- Greenwich Mean Time’s position as the optimum time zone for conducting business with both the East and West. This underpins London’s position as a key global financial centre, which can do business with Tokyo at the start of the day and LA at the end, and reinforces the UK’s reputation as a world leader in business services.

- Our ‘rule of law’, dating back to Magna Carta in 1215, which provides a renowned and attractive legal system.

- Stepping back from current political machinations, our political system is seen as stable and robust - it is, after all, thankfully nearly 400 years since blood was spilled en masse on the British mainland during the Civil War- and we remain a bastion of democracy in the world, backed up by such factors as our membership of the UN Security Council and NATO.

- While much remains to be done on matters of equality and diversity in the UK, long strides have been made in many areas and the rate of constructive change is setting an example that many other countries are seeking to follow. One recent instance was the fervour that gripped the nation and matched anything the England’s men’s team could generate as the Lionesses finally brought football home with their victory in the UEFA Women’s Championship.

- The inherently British sense of fair play, which, while admired and respected elsewhere is probably something we take for granted ourselves. Does anything demonstrate this better than the game of cricket, where you can play for five straight days and still end in a draw, all interspersed of course by breaks for lunch and tea?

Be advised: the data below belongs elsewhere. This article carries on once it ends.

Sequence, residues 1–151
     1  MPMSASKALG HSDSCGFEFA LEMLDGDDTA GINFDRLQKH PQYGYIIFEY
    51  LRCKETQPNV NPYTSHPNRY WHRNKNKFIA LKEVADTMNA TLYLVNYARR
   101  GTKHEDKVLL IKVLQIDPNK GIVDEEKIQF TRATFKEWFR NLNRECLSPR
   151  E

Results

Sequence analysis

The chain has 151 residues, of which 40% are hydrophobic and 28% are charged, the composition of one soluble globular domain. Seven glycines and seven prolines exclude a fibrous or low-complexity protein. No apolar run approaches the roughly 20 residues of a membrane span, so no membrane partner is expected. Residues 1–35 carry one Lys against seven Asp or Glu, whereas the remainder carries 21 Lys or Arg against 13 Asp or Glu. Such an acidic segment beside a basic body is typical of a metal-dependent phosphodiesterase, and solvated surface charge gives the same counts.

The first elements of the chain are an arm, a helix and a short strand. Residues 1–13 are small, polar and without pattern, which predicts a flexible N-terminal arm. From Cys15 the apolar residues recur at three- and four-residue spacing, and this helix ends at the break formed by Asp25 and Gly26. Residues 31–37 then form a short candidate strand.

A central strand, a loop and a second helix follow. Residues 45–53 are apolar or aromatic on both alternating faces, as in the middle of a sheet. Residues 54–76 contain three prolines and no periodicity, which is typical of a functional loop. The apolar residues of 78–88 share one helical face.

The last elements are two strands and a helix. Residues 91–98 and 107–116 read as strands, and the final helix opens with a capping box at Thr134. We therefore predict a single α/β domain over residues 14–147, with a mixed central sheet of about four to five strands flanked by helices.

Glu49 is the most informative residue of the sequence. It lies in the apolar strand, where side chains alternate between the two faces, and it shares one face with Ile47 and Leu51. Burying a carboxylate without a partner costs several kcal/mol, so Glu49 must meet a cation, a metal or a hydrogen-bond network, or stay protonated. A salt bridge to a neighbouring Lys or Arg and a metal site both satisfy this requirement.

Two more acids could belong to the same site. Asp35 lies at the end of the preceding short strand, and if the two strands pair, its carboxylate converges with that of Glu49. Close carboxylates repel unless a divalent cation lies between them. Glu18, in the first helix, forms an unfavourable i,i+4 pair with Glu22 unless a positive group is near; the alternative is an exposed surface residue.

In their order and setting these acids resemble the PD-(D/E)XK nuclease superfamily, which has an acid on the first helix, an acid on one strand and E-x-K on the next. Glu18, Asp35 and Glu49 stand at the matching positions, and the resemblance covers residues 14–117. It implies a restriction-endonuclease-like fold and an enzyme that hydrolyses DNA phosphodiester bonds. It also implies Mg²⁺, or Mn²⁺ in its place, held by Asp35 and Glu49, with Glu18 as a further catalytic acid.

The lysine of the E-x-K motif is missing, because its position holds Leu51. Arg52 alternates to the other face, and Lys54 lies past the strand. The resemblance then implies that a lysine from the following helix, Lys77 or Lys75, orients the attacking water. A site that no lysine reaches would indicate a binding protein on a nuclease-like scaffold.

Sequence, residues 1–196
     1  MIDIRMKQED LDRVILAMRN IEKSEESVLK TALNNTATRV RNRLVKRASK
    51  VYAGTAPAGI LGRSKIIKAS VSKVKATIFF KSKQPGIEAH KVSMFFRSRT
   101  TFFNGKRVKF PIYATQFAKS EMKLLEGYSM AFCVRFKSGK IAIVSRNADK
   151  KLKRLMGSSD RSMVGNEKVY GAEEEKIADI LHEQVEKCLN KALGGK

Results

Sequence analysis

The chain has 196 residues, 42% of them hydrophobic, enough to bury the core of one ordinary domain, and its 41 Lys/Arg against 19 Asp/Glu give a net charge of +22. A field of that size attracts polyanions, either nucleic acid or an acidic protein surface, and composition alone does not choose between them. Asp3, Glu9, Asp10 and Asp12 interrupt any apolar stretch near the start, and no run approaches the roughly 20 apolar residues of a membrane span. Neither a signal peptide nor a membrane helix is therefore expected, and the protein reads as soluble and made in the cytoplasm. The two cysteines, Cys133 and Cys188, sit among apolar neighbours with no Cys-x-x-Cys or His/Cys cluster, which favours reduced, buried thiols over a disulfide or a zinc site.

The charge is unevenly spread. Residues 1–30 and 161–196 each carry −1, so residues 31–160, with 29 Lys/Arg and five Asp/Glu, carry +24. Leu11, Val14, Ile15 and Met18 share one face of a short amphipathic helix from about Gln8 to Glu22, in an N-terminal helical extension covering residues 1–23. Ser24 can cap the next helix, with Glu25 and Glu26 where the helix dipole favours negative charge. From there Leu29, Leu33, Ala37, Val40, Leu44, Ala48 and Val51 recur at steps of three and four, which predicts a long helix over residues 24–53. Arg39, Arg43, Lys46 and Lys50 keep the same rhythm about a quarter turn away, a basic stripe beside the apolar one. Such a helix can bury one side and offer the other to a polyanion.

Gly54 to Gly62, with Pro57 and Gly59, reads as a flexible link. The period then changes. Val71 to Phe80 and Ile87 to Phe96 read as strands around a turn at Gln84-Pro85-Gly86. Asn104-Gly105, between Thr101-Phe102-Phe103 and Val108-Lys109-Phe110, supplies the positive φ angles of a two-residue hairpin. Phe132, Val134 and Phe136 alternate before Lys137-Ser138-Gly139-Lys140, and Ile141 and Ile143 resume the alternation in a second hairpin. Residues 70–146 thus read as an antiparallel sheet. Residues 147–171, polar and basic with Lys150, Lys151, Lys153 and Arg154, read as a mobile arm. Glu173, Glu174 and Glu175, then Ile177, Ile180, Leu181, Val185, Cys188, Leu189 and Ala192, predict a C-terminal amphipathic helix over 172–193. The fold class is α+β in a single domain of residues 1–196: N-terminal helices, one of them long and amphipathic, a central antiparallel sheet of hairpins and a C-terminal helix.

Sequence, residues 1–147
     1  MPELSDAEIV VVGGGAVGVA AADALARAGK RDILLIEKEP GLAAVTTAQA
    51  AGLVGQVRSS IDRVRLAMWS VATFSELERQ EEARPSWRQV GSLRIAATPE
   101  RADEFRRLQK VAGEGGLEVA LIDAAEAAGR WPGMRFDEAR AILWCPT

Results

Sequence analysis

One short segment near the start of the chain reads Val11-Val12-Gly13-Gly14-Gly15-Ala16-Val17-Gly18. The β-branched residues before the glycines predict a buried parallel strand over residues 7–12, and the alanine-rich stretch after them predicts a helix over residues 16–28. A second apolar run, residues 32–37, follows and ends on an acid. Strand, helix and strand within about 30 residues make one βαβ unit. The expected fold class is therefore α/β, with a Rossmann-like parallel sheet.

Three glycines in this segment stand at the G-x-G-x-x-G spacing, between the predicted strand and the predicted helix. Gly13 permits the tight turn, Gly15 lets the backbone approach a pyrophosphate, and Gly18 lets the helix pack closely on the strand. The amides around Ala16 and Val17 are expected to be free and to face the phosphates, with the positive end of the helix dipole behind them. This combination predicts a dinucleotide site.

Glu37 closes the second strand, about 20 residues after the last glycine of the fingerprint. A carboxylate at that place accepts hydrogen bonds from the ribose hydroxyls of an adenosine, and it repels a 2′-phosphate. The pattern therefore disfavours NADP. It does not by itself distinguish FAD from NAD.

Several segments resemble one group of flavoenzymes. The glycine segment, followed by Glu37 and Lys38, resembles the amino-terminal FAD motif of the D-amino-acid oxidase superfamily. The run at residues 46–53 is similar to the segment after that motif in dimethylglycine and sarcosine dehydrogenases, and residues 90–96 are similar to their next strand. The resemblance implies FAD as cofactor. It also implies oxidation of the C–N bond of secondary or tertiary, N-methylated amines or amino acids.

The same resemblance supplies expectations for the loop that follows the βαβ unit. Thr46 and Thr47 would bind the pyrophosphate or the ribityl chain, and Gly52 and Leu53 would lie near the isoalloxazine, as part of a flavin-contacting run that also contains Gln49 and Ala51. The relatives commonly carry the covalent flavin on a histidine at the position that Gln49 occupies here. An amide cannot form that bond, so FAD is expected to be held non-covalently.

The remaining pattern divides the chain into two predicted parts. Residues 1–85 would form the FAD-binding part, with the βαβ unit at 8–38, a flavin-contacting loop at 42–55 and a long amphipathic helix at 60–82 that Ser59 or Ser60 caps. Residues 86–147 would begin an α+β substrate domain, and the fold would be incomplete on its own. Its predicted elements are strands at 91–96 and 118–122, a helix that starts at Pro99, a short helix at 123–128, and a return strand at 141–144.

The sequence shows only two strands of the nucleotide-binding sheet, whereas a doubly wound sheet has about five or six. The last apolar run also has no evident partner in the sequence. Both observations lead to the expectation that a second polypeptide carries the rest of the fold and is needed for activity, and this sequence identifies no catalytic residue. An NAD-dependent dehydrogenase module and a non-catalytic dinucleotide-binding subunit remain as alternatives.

- The Union Jack, which today serves as much as a powerful global brand as a flag, and adorns clothing and other products around the world as a symbol British quirkiness and quality.

- Our world-class academic institutions, which attract and educate the finest brains from all over the world.

- Finally, one can look at our history and wider cultural offering. These can seem trite, but in the past three months alone events such as the Platinum Jubilee, Glastonbury and of course the Commonwealth Games have all demonstrated that we know how to welcome the world, and that the world very much wants to visit our shores and experience all we have to offer.

These examples may seem like ‘givens’ but should not be taken for granted, as they all help to underpin the appeal of the UK around the world, as evidenced by the top-ranking consultancy firm EYs recent ‘attractiveness survey’ which ranked the UK as the most attractive destination in Europe for foreign investment in 2021, ahead of both France and Germany.

Ozzy shows the way

The sight of Ozzy Osbourne rising out of the stage to close the 2022 Commonwealth Games, as the Black Sabbath staple ‘Iron Man’ rang out across the stadium and was beamed to a TV audience of millions around the world, was a timely example of why backing ourselves – as individuals and as the collective UK - is indeed the right state of mind to adopt as we look to the future.

While Ozzy might not be what one would consider to be Royal Marine material, or a candidate to be sent in to boost the morale of the troops, that was exactly the impact that his surprise appearance had on those who were watching.

The look of pure joy on his face as he uttered ‘Birmingham Forever’ to the crowd, and hinted that he was as surprised as anybody to be appearing after a series of recent medical issues, underlined how anything can be achieved if you start with that right state of mind and then build a plan around that, as we will explore next week.

This article first appeared in the Express & Star newspaper on 16th August, 2022